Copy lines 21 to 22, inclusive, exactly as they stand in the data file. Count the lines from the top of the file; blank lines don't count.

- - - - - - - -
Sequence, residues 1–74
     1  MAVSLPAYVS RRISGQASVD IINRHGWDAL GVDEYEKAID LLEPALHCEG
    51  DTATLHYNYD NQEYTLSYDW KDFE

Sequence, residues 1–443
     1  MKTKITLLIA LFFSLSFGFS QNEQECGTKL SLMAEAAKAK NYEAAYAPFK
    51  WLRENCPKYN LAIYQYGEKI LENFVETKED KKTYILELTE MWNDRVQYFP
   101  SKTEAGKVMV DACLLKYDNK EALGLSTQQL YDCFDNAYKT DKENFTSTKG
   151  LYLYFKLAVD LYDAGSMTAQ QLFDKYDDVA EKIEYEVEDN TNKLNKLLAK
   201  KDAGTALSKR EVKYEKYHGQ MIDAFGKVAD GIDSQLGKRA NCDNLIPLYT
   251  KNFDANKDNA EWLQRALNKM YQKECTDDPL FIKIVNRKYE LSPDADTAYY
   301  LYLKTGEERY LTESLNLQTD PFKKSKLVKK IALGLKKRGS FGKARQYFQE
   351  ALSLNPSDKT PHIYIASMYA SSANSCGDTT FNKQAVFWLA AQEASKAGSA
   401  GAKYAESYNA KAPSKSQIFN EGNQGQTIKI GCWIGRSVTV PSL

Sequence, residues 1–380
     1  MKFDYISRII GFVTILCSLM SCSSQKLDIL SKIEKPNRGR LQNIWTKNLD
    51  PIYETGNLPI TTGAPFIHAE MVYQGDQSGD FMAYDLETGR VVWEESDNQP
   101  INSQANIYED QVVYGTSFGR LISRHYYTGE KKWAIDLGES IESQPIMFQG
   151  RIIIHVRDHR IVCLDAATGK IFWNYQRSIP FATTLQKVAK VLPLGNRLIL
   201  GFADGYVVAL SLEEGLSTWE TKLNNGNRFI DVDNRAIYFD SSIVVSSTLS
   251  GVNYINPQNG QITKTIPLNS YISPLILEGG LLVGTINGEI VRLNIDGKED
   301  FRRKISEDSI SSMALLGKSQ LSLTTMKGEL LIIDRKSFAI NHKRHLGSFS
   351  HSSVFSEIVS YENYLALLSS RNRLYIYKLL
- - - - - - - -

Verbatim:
   301  FRRKISEDSI SSMALLGKSQ LSLTTMKGEL LIIDRKSFAI NHKRHLGSFS
   351  HSSVFSEIVS YENYLALLSS RNRLYIYKLL